These frivolous incidents


But, from a couple of months ago, a young sports writer called Jim Pagels explained at Slate that Twitter death threats are just a joke and everybody should ignore them.

Just about every week, it seems there’s a story about a celebrity, athlete, or politician receiving death threats from morons on Twitter. The media often treat these frivolous incidents like they’re a fatwa on Salman Rushdie. The latest example: New York Giants running back Brandon Jacobs, for performing poorly on fantasy football teams. (Fitting there be fantasy threats for a fantasy sport.)

The stories often give the impression that this is some kind of shocking event for which we should pity the “victims,” but anyone who’s spent 10 minutes online knows that these assertions are entirely toothless.

Yes! Totally! That is so true! Except of course for the ones that aren’t, and the fact that there’s no way to tell the difference. Also except for the fact that being the target of extended obsessive hatred is itself not actually toothless. Except literally. It is literally toothless, yes, but figuratively, it’s not.

In a piece in the Atlantic last year, Jen Doll wrote: “If there’s anything to be afraid of, it’s this idea that death threats are this kind of new online norm.” They are, in fact, the norm. However, I think it’s also safe to assume that these wannabe Tony Sopranos only represent the lowest trenches of society.

Ah yes “safe to assume”…but such things are more safe to assume for some people than they are for others. Also, the fact that some guy thinks it’s safe to assume something isn’t particularly compelling as a reason to assume it yourself. Also, even if the harassers and threateners do represent only “the lowest trenches of society,” so what? That’s still a lot of people.

So how do we stop this trend of pointless reporting? There really aren’t any clear solutions. There will always be a dark corner of the Internet, so you can’t stop the source. And you can’t tell websites to stop publishing these stories, because they surely generate boatloads of mindless page views. Maybe the solution is to just let the Internet continue to be the Internet, and people will eventually grow bored of this “news.” Or perhaps we should just send death tweets to the writers who report on these occurrences. It seems like they take these threats rather seriously.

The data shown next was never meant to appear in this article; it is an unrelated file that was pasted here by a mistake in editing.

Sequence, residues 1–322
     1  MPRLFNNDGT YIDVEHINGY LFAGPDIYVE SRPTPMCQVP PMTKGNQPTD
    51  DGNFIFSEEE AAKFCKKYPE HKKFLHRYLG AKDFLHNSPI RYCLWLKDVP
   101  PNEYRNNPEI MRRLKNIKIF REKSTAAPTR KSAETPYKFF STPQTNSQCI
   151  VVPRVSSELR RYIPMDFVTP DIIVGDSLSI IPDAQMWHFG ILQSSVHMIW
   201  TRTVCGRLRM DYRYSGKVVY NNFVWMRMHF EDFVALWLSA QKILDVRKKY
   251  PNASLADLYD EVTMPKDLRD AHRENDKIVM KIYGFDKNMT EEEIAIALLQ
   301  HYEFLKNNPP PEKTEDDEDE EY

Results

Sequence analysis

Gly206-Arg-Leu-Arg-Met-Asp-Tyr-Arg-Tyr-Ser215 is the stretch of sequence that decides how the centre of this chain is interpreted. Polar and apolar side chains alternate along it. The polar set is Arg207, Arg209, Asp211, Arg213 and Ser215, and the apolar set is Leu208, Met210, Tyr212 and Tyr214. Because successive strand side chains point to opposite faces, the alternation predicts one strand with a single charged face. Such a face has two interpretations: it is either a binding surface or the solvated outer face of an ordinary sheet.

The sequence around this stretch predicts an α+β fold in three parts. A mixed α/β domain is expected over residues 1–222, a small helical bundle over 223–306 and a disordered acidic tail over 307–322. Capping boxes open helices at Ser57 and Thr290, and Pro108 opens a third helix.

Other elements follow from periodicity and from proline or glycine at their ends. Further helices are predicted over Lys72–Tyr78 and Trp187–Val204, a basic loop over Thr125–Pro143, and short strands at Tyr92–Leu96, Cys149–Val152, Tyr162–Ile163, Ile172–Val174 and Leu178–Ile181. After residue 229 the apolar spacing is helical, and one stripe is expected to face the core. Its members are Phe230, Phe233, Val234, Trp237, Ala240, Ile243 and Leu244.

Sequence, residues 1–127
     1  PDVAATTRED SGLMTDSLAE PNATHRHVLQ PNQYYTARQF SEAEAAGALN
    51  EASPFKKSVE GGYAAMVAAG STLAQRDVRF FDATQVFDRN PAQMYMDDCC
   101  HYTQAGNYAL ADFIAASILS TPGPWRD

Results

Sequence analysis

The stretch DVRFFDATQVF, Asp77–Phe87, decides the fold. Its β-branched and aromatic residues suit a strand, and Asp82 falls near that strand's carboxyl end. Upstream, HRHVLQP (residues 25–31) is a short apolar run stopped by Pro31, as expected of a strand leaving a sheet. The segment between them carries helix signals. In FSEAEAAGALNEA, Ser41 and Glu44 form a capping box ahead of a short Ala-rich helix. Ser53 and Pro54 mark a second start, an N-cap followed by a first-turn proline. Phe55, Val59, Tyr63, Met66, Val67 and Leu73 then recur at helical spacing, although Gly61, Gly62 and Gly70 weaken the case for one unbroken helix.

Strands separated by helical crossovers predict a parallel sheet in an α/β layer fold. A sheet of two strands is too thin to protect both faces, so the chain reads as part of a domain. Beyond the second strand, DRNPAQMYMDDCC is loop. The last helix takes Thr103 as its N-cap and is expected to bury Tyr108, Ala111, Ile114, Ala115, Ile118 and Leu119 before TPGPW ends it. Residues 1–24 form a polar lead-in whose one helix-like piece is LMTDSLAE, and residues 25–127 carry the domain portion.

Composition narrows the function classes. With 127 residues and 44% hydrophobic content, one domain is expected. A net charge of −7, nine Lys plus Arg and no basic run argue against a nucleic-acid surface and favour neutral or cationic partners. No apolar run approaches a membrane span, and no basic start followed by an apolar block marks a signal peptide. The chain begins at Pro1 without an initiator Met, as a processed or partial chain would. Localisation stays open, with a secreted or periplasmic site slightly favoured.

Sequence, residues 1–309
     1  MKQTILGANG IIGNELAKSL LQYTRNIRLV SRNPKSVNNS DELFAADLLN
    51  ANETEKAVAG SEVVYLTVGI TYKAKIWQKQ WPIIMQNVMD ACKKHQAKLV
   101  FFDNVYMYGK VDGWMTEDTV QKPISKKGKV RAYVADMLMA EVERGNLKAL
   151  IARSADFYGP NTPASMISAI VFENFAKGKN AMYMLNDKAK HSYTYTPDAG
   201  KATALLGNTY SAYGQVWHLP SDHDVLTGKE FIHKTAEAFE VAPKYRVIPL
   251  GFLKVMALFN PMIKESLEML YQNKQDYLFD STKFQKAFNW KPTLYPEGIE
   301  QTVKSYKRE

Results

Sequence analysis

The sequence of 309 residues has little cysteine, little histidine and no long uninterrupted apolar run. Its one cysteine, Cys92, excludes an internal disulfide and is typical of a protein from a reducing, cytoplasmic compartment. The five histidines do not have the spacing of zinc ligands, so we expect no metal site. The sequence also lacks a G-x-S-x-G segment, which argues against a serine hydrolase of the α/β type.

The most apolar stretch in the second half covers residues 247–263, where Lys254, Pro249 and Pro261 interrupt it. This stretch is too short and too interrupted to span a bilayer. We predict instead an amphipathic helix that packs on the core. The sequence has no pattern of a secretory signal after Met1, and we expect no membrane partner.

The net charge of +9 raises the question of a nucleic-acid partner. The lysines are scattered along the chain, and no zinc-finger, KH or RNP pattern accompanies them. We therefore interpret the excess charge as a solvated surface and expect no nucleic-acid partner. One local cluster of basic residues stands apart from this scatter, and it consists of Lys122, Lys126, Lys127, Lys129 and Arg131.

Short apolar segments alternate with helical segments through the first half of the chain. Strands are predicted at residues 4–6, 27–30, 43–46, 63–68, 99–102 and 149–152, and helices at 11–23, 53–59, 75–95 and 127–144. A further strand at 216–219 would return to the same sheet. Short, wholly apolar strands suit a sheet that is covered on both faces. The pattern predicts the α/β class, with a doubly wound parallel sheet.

Cute.

 

Comments

  1. says

    Yes. Because his article about it was in no way intended to garner mindless pageviews of his meta-complaining about other people complaining about death threats. He says the threats are nothing but the complaining about them is a problem, and his proposed solution is to complain more about the complaining, and feel moral and superior because…well, just because, is all.

    Not to, y’know…not read the articles complaining. That’d be too much like being a not-white-guy, expecting him to have to not-read things just because they’re about stuff he doesn’t care about. When he doesn’t care about something, it needs to be STOPPED.

  2. says

    You know who else are in the “lower trenches of society” (if you’re talking morals, not income…)

    Murderers.

    So yeah, stuff that never happens.

  3. says

    “a young sports writer” said something stupid.

    Why am I not surprised? On the whole, sports writers seem to be the “lower trenches” of journalism.

  4. Wylann says

    So, if this assclown got a lot of death threats, he’d laugh it off, right? Even if many of said totally hypothetical death threats originated from people who lived in the same city, let’s say, as said writer of assclownishness…?

  5. johnthedrunkard says

    And of course, part of me wishes I were an accomplished troll so that I could invade the privacy and peace of ‘Jim Pagels.’ Perhaps borrowing some of the language used against Amanda Marcotte, Surly Amy, Caroline Criado-Perez etc.?

  6. says

    The suggestion that one should not worry about death threats because they are not real is missing the point entirely. Which is that they can and do cause psychological damage to those who receive them. So to dismiss them because one is not actually going to being killed is insensitive to say the least. I think those that send them can be split into one of two categories – those that are only doing it for fun [ though it stretches the definition of that word to breaking point ] and those with more serious intent. I am fully aware of the argument that asking them to do so only inflames them even more. But the alternative is to just let them do it anyway and not speak out. The problem here is not with technology but psychology. While all attempts to curtail online abuse are welcome it is only addressing the symptom and not the cause. Which is why such attitudes exist in a society which likes to think it is egalitarian even though it is not. Because if it was then this would not be happening at all

  7. =8)-DX says

    I’m hearing a similar argument to those people who’s approach to playground bullies is to “let the kids sort it out by themselves” and “boys will be boys”.

    And then you get gay (for instance) teenagers killing themselves.

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